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McGill and the Charter

The implications of Bill 60 for the campus environment

Correction appended March 25, 2014

Quebec has 17 universities that attract students from Quebec, other Canadian provinces, and other countries. Out of these universities, 14 are in the city of Montreal, the largest city in the province. With a rich history, a relatively strong arts scene, and of course an expansive nightlife, Montreal is a perfect city for students coming to study at McGill, Concordia, or any of Montreal’s universities. Quebec offers more than it seems at first sight, and not all of it is positive. Even with a lot of cultural diversity and a large migrant population, Quebec’s latent xenophobia is becoming stronger.

If passed, the Charter of Quebec Values, or Bill 60, would institutionalize intolerance, and increase feelings of fear and of being unsafe for many groups on campus. According to Kira Page, external coordinator at the Quebec Public Interest Research Group (QPIRG) McGill, the Charter, as well as the proposed changes to already-existing language laws, is already having effects on people of colour and migrant communities in Quebec. As an example, a survey conducted by Geneviève Pinard Prévost at the Université de Sherbrooke showed that “88 per cent of Muslim women said they no longer feel safe leaving their homes.” Pinard Prévost’s sample size of 388 might be small, but such a high ratio can nevertheless not be ignored. Pinard Prévost said herself that, “It may not look like a lot of women in the total of Muslim women in Quebec, but it’s a lot of women who live with this kind of problem in the province.”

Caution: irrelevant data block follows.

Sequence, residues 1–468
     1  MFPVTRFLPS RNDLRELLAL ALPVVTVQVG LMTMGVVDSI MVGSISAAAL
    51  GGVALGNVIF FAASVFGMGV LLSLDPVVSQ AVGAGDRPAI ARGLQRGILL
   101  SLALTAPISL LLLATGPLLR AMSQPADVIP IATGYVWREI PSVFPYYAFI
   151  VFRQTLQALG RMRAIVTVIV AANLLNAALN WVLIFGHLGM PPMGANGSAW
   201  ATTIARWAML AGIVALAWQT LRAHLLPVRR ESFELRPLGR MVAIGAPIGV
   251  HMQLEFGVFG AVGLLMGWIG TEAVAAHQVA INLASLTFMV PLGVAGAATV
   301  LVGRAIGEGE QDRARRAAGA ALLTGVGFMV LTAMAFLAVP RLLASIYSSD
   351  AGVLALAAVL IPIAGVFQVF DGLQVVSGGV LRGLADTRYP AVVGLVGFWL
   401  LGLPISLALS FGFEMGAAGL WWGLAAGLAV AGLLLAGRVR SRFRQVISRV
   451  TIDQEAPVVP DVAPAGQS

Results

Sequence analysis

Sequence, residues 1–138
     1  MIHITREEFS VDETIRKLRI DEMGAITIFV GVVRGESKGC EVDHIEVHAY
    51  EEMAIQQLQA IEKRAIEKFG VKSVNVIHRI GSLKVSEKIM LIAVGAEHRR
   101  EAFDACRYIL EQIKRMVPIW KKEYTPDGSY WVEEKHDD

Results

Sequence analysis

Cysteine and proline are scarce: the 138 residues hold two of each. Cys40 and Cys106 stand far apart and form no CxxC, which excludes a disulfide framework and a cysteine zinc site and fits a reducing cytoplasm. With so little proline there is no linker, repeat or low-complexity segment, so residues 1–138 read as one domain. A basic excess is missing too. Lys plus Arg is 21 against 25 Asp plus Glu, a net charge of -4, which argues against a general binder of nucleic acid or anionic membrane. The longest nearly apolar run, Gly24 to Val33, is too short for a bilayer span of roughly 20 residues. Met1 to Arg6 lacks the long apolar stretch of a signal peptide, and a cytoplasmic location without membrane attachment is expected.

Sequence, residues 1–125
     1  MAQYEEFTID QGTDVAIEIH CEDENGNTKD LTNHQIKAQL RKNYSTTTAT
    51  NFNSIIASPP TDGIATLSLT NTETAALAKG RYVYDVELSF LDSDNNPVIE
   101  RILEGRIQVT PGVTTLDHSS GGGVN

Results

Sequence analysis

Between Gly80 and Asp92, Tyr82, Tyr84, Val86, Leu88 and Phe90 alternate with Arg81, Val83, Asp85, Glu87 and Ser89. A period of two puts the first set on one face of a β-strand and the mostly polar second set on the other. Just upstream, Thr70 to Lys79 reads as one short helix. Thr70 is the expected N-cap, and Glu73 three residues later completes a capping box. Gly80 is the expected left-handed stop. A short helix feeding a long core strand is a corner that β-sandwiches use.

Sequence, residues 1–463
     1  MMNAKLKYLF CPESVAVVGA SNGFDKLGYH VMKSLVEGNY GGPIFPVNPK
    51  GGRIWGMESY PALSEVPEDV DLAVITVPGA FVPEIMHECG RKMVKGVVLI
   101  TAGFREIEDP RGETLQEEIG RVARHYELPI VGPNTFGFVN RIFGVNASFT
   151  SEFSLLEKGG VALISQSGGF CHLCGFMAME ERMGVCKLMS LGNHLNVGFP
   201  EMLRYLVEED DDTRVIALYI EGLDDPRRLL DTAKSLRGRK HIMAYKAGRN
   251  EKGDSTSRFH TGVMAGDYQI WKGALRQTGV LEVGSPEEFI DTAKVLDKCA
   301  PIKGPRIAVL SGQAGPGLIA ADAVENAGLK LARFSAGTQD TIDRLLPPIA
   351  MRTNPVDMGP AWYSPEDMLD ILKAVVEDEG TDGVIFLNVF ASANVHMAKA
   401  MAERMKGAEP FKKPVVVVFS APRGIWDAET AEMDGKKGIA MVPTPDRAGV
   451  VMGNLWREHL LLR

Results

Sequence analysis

Beyond making communities and individuals feel unsafe, Page states that Bill 60 would create an access barrier to employment for many people. Ellen Aitken, Dean of McGill’s Faculty of Religious Studies, firmly believes that Bill 60 would affect faculty members, in that they would “in a sense, be forced to hide part of their identity.” Aitken continues, “It would create an environment in which the fullness of who we are as human beings, as scholars, and as social beings interacting with one another could not be expressed fully, and I think that is a very chilling environment in which to learn.”

Page explains that in Quebec, “various iterations of a political and social need for things like cultural protection, sovereignty, or the self-determination of francophone communities have often turned into a xenophobic, anti-immigrant politic that is deeply white supremacist, colonial, and racist.” No matter its original intention, Bill 60 is now used as one of Quebec’s many soldiers of xenophobia. While traditionally defined in the New Oxford American Dictionary as an “intense or irrational dislike or fear of people from other countries,” xenophobia can be further defined to include a dislike or fear of other cultures, languages, and religions.

At McGill’s tri-annual debriefing in December, Suzanne Fortier stated that Bill 60 is already affecting McGill’s recruitment of faculty and students, with certain faculty members already considering leaving. Outside the limits of McGill, Aitken says that Bill 60 and Quebec’s xenophobia would “be a real disincentive for anyone applying from outside. It would probably even be a real disincentive for some Quebecers coming to McGill.”